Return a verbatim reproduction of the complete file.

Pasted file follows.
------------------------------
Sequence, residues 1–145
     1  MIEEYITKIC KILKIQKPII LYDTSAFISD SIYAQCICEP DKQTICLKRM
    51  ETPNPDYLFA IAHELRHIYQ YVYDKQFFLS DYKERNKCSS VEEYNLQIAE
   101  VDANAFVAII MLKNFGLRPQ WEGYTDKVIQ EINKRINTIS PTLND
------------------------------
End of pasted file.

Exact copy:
Sequence, residues 1–145
     1  MIEEYITKIC KILKIQKPII LYDTSAFISD SIYAQCICEP DKQTICLKRM
    51  ETPNPDYLFA IAHELRHIYQ YVYDKQFFLS DYKERNKCSS VEEYNLQIAE
   101  VDANAFVAII MLKNFGLRPQ WEGYTDKVIQ EINKRINTIS PTLND